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22
Dec 05
Thu

Star Trek: The Experience, Las Vegas

It’s safe to say that Vegas is a unique place in the world. Las Vegas Boulevard, better known as “The Strip”, is lined with a whole array of hotels and hispanics passing out fistfuls of cards advertising how carnal pleasures are only a phone call away (they continually slap the cards together to make a characteristic “I have sex cards!” sound, presumably so potential clients can still find them when the Vegas footpaths get too crowded).

It’s all flashy on the outside, especially at night when all the neon, blinking coloured lights and video displays are switched on. Lots of themed hotels, such as the Paris, which has a scaled down version of the Eiffel Tower sticking out the top of it and the Luxor which is done up as a black pyramid with a massive lightbulb at its apex shooting out a shaft of light into the sky. Very tacky, but strangely enough, not in a lame sort of way. The fountain display at the Bellagio is quite impressive, being much, much larger than Ocean’s Eleven would lead you to believe.

Whereas the outsides are varied, the insides of all the hotels are numbingly similar – rows and rows of slot machines, tables and tables of roulette, blackjack, 3-card poker, craps and other usual suspects. Lots of shoddy carpet.

Obviously an essential stop for a Trekkie like me, I took the monorail to the Hilton today to see their Star Trek: The Experience attraction. Half price tickets are available at the Tix4Tonight discount booths, which I picked up earlier in the day. STTE basically consists of two “rides” and an exhibit. The exhibit features a very cool timeline of the Trek franchise (recently extensively refurbished due to the heretical insertion of the Enterprise series into Trek canon) along with numerous display cases featuring props which were actually used in the filming of Trek (most humourously, the Mac used in Star Trek IV which Scotty tries to talk to… “Hello, computer!”).

The first ride I went on was a relatively new one called “Borg Invasion”. It was abysmal. It features an insipid movie which you watch with stereoscopic glasses while sitting in an “interactive chair”. It’s essentially a tiltable massage chair with the capacity to occasionally blast moist air into your face to vaguely simulate what’s happening on the movie screen. During the part where you supposedly get injected with Borg nanoprobes, I almost leapt out of my seat after I received an instant anal probe from several massage chair-style rollers which some sadistic designer had decided to strategically place in the seat bottom. I wandered out of the ride somewhat traumatised.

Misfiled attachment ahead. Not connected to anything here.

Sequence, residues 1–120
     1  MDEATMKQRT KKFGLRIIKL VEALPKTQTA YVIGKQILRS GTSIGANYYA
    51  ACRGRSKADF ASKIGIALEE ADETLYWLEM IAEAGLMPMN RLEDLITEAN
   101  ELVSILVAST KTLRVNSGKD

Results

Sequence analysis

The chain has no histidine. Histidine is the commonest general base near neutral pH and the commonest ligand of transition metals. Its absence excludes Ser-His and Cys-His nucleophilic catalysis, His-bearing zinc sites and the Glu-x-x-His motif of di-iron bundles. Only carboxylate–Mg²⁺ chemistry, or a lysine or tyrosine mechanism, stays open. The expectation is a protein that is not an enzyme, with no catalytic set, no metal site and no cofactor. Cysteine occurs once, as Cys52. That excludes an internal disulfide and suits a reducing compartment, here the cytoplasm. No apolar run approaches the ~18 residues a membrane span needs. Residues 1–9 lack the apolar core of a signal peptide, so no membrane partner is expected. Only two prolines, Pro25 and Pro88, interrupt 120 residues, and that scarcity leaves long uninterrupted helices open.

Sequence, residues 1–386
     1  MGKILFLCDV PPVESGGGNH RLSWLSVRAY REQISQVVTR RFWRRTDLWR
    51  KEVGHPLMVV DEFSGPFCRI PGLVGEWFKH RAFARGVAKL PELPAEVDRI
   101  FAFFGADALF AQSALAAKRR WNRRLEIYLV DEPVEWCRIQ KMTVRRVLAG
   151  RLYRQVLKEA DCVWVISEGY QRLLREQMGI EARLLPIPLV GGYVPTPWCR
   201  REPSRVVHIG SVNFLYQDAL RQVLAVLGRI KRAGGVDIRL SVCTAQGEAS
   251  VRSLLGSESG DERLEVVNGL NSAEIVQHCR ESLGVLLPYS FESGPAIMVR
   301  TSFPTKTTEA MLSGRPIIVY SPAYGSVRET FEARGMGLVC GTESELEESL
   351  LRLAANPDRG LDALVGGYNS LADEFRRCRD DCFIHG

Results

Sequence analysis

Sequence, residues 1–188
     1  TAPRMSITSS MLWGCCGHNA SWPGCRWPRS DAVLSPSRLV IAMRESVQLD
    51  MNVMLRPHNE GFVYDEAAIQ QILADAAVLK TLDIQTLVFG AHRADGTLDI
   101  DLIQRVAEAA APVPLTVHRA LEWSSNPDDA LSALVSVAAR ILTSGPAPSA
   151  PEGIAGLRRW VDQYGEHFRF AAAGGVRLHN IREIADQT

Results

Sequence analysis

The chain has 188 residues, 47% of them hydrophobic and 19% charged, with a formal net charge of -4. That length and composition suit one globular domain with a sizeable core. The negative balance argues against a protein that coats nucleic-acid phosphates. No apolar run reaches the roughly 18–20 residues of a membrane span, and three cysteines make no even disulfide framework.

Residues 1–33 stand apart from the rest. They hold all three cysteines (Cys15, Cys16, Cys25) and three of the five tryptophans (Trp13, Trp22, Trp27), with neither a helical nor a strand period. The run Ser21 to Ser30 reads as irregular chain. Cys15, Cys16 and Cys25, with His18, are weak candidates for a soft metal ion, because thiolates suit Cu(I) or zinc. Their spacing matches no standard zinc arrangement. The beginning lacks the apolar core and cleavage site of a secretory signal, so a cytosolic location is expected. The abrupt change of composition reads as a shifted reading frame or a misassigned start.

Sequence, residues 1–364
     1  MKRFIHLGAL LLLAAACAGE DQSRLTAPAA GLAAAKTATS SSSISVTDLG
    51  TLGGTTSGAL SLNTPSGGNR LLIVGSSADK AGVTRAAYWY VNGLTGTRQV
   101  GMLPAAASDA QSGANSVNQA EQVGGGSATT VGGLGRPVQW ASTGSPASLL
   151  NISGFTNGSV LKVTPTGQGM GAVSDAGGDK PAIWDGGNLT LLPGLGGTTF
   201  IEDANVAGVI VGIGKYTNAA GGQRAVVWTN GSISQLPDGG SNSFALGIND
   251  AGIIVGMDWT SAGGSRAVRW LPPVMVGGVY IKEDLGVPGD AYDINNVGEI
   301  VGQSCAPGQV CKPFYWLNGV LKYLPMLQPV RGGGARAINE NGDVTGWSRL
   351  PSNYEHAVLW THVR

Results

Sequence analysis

The second ride was “Klingon Encounter”, which although older, was decidedly better. Nonetheless, you still have to put up with actors running around delivering corny dialogue and trying to give an unenthusiastic crowd a Trek “experience” (“remember, the human spirit can never be assimilated!”).

If that was all there was, I would have felt ripped off, even though the ticket price was only $18. However, I paid another $20 to get the “backstage tour”, which is an informal 90-120 minute tour behind the scenes of the $70 million STTE facility. The tour was conducted by a genial guide called Gretchen who had previously worked at Second City, so she made the tour very interesting and humourous, but most importantly, without being the least bit patronising. You get to learn about the mechanics behind the rides, see actors moving between sets in the back corridors, discover how the facility was designed and even get to examine Okudagrams up close (including those in-jokes the Trek crew like to insert onto signage). Along the way, I picked up lots of new pieces of Trek-related trivia which – with my goldfish memory – I’ve unfortunately now seemed to have mostly forgotten (eg, the Bajoran nose piece changed between TNG and DS9 due to practical make-up concerns – the eyebrow ridges in TNG kept coming unglued due to how frequently actors move their eyebrows in making facial expressions).

The backstage tour made the visit quite worthwhile for me in the end – if you go, don’t bother going unless you do the tour as well. However, I would still say that you’d have to be a Trekkie to really get your money’s worth.